Many factors in exhaust flow, Laminar Flow, Deformed Flow and Boundary Layers need consideration in design, Material selection is mainly decided by Costs, Weight, and Operational Heat parameters.
    Last edited: Apr 14, 2022
    vfrket, Phl218, Steeltoe and 6 others like this.
  12. Knarf Legna

    Knarf Legna I am not Gary Hoover

    The thermal transfer of titanium is about a 60% of stainless, so it heats faster. Hotter gasses flow better. All things equal it won't make much of a difference in HP. Unless a turbo is involved.
    Trainwreck likes this.
  13. pawpawrc

    pawpawrc Well-Known Member

    Ok that’s pretty badass. I had never even heard of these guys.
  14. pfhenry

    pfhenry Well-Known Member

    i remember an add from a motorcycle
    i cant imagine welding that thin on my 83 miller dial arc... u using purple 1/16th tungsten?
  15. Montoya

    Montoya Well-Known Member

    No idea why, but remember reading a technical article years ago with the head engineer of a major motorcycle exhaust manufacturer… stating he didn’t know why to exhausts sometimes provided more hp either. Always struck me as brutal honesty. Not my discipline or specialty, there’s a lot of plausible explanations… but am sure it’s not a simple answer.
  16. backho

    backho Well-Known Member

    Inconel 625 also is highly corrosion resistant.
    Trainwreck likes this.
  17. Trainwreck

    Trainwreck I could give a heck

    Yes, that is very true. However, in motorsports I am not certain that corrosion resistance is much of an advantage. Most cars at the level where exotic alloys are being used get torn down pretty far between rounds.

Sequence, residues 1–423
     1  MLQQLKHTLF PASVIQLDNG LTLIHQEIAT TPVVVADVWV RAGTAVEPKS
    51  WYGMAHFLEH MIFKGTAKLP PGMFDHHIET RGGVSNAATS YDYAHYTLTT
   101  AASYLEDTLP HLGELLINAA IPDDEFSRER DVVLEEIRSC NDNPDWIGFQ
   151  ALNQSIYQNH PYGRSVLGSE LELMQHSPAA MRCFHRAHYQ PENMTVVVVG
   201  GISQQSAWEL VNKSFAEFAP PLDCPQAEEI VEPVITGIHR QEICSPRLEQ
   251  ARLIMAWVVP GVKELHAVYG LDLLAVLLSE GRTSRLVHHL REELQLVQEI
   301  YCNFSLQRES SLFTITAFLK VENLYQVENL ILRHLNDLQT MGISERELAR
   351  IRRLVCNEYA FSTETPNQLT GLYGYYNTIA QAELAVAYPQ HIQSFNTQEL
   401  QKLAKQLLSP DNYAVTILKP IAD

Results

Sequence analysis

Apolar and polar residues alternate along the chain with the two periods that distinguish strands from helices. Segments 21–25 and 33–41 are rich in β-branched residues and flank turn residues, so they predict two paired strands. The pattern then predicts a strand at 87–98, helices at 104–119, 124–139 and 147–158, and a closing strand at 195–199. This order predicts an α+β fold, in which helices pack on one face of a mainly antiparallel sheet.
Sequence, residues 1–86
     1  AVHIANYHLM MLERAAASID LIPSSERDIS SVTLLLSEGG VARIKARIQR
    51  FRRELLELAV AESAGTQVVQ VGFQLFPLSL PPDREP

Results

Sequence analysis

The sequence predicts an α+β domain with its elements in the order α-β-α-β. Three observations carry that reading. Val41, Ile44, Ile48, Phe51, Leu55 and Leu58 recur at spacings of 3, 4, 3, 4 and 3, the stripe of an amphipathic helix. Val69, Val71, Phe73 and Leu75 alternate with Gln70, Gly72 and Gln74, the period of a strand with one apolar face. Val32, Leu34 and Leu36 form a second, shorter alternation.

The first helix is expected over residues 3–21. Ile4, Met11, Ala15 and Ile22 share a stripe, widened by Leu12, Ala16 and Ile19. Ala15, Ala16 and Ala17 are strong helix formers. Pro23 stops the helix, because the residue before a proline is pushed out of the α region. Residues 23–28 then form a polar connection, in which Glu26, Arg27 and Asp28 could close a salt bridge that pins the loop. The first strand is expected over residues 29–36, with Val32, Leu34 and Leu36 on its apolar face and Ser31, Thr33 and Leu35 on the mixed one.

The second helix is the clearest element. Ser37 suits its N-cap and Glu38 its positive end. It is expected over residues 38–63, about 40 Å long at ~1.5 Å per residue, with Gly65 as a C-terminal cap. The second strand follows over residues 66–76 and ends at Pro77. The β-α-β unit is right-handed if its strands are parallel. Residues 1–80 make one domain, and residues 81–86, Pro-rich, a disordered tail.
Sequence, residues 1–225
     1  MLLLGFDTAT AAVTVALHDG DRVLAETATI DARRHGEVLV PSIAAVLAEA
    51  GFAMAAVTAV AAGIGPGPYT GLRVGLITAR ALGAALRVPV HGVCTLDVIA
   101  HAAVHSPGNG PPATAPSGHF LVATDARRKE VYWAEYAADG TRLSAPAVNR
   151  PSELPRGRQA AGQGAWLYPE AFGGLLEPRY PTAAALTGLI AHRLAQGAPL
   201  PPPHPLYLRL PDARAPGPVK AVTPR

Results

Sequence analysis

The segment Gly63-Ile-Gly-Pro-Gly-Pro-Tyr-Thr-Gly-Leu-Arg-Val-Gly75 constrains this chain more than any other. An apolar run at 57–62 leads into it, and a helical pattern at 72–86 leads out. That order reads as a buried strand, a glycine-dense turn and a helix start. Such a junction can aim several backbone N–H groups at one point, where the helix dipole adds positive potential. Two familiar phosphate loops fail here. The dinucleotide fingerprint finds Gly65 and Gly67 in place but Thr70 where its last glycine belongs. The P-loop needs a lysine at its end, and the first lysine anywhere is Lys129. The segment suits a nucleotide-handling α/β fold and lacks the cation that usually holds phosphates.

18. nlzmo400r

    nlzmo400r Well-Known Member

    much better said. I know with my limited knowledge of designing exhaust systems on cars and bikes, the Ti/exotic material has always made zero change in power, but length and collector placement etc have made huge changes. I don't know why but I've never taken into account designing the lengths for the specific material being used.

    Everyone complained about the 'torqueless 1199 Panigale' when those came out - my buddy designed an exhaust to try to help that situation about 10 years ago and it worked VERY well. And this was long before any of the current long pipe/undertail type panigale units we see today. When this design was made, everything was still 'KTM style' two canisters under the sump type of routing.
  19. R Acree

    R Acree Banned

    Fack!!!!!have we slipped into a time warp?
    G 97 likes this.
  20. iagsxr

    iagsxr Well-Known Member

    I understand them to be a ride quality thing because the unibody chassis is so flexible with no roof to tie it together.

    Thermal coat the stainless exhaust and go back to the dyno. One way or the other it will be a tell if it's a heat transfer/thermal dynamics thing.
    27 likes this.